including EM residents and medical students in our study was a way of minimizing the experience bias toward conventional x-ray. Another potential issue with the study design is that the readers reviewed the same cases 3 times. Despite randomization of the sessions and the 4- week intervals between each session, it is still possible that recall bias affected the readings. One more potential criticism is the inclusion of pa- tients with more than one rib fracture, because one prominent rib frac- ture could reasonably increase the expectation of another. Unfortunately, the number of patients with only one rib fracture avail- able for inclusion was very small, which is not representative of real clinical situations and could be seen as a selection bias. To compensate this clustering bias, we used specific statistic method, generalized esti- mating equation.

In summary, inverted grayscale rib series did not improve the rate of detection of rib fractures over conventional x-rays regardless levels of radiology experience, but using both sets of images at the same time im- proved diagnostic sensitivity and accuracy among less biased readers by conventional image like junior EM residents or medical students.


This work was partially supported by Soonchunhyang University Re- search Fund and Hanyang University (HY-2013-MC) Research Fund.


  1. Holcomb JB, McMullin NR, Kozar RA, Lygas MH, Moore FA. Morbidity from rib frac- tures increases after age 45. J Am Coll Surg 2003;196:549-55.
  2. Bergeron E, Lavoie A, Clas D, Moore L, Ratte S, Tetreault S, et al. Elderly trauma pa- tients with rib fractures are at greater risk of death and pneumonia. J Trauma 2003;54:478-85.
  3. Byun JH, Kim HY. Factors affecting pneumonia occurring to patients with multiple rib fractures. Korean J Thorac Cardiovasc Surg 2013;46:130-4.
  4. Lee RB, Bass SM, Morris Jr JA, MacKenzie EJ. Three or more rib fractures as an indicator for transfer to a level I trauma center: a population-based study. J Trauma 1990;30: 689-94.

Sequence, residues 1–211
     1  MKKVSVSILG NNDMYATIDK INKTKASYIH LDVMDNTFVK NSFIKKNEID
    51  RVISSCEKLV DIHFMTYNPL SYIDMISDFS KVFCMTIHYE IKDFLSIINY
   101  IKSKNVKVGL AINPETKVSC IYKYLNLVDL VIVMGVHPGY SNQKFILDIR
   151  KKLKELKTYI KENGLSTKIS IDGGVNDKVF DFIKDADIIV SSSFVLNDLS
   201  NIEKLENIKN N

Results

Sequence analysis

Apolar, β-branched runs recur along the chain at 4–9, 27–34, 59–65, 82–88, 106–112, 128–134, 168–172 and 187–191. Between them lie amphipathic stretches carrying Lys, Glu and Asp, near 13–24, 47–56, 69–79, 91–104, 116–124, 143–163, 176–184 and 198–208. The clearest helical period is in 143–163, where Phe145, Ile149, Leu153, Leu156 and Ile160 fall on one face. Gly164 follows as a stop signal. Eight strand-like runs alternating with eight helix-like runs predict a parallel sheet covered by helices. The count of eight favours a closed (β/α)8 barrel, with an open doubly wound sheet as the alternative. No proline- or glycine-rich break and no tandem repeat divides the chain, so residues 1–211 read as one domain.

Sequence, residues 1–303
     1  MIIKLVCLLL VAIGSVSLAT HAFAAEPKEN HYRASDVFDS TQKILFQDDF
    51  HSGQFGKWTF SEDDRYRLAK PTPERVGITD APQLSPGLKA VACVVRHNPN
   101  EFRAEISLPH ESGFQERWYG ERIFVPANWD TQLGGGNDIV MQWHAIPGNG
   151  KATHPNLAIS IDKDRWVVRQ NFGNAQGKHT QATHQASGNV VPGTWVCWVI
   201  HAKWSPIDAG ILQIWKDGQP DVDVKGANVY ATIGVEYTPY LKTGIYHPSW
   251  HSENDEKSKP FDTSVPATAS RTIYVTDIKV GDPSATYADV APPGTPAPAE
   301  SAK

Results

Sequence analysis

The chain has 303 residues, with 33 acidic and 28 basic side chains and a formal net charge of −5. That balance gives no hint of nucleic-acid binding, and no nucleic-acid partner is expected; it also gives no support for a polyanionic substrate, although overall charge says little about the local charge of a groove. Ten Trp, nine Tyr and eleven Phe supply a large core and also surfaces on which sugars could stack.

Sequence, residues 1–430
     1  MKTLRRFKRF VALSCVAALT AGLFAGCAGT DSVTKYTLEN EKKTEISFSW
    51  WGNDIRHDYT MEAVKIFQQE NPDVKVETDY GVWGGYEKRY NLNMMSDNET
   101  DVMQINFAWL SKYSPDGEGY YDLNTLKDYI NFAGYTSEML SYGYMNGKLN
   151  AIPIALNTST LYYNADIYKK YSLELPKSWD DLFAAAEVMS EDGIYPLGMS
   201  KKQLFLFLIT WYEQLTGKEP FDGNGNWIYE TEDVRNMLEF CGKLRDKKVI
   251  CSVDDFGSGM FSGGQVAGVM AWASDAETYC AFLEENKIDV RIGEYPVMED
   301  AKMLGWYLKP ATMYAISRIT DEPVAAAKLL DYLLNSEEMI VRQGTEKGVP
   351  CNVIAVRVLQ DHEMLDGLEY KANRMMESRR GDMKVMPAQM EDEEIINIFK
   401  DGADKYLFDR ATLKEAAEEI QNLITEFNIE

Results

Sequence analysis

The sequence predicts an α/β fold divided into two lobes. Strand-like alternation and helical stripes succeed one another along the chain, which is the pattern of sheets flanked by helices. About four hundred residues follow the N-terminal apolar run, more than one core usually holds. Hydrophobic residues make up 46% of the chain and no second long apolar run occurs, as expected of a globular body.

5. Chan SS. Emergency bedside ultrasound for the diagnosis of rib fractures. Am J Emerg Med 2009;27:617-20.
  6. Hurley ME, Keye GD, Hamilton S. Is ultrasound really helpful in the detection of rib fractures? Injury 2004;35:562-6.
  7. Kara M, Dikmen E, Erdal HH, Simsir I, Kara SA. Disclosure of unnoticed rib fractures with the use of ultrasonography in minor blunt chest trauma. Eur J Cardiothorac Surg 2003; 24:608-13.
  8. Aukema TS, Beenen LF, Hietbrink F, Leenen LP. Initial assessment of chest x-ray in Thoracic trauma patients: awareness of specific injuries. World J Radiol 2012;4: 48-52.
  9. Griffith JF, Rainer TH, Ching AS, Law KL, Cocks RA, Metreweli C, et al. Sonography compared with radiography in revealing acute rib fracture. AJR Am J Roentgenol 1999;173:1603-9.
  10. Jain AK. Fundamentals of digital image processing. Englewood Cliffs, NJ: Prentice Hall; 1989.
  11. Westheimer G. visual acuity with reversed-contrast charts: I. Theoretical and psy- chophysical investigations. Optom Vis Sci 2003;80:745-8.
  12. Sheline ME, Brikman I, Epstein DM, Mezrich JL, Kundel HL, Arenson RL, et al. The di- agnosis of pulmonary nodules: comparison between standard and inverse digitized images and conventional chest radiographs. AJR Am J Roentgenol 1989;152:261-3.
  13. van der Stelt PF. Better imaging: the advantages of digital radiography. J Am Dent Assoc 2008;139:7S-13S [Suppl.].
  14. van der Stelt PF. Filmless imaging: the uses of digital radiography in dental practice. J Am Dent Assoc 2005;136:1379-87.
  15. Sakakura CE, Loffredo Lde C, Scaf G. Diagnostic agreement of conventional and inverted scanned panoramic radiographs in the detection of the mandibular canal and the mental foramen. J Oral Implantol 2004;30:2-6.
  16. Punhani N, Daniel J. Conventional radiography and inverted digitized imaging in the detection of maxilloFacial fractures. J Dent 2011;1:63-7.
  17. De Boo DW, Uffmann M, Bipat S, Boorsma EF, Scheerder MJ, Weber M, et al. Gray- scale reversal for the detection of pulmonary nodules on a PACS workstation. AJR Am J Roentgenol 2011;197:1096-100.
  18. Lungren MP, Samei E, Barnhart H, McAdams HP, Leder RA, Christensen JD, et al. Gray-scale inversion radiographic display for the detection of pulmonary nodules on chest radiographs. Clin Imaging 2012;36:515-21.
  19. Kheddache S, Mansson LG, Angelhed JE, Denbratt L, Gottfridson B, Schlossman D, et al. Digital chest radiography: should images be presented in negative or positive mode? Eur J Radiol 1991;13:151-5.
  20. Robinson JW, Ryan JT, McEntee MF, Lewis SJ, Evanoff MG, Rainford LA, et al. Grey- scale inversion improves detection of lung nodules. Br J Radiol 2013;86:20110812.

Leave a Reply

Your email address will not be published. Required fields are marked *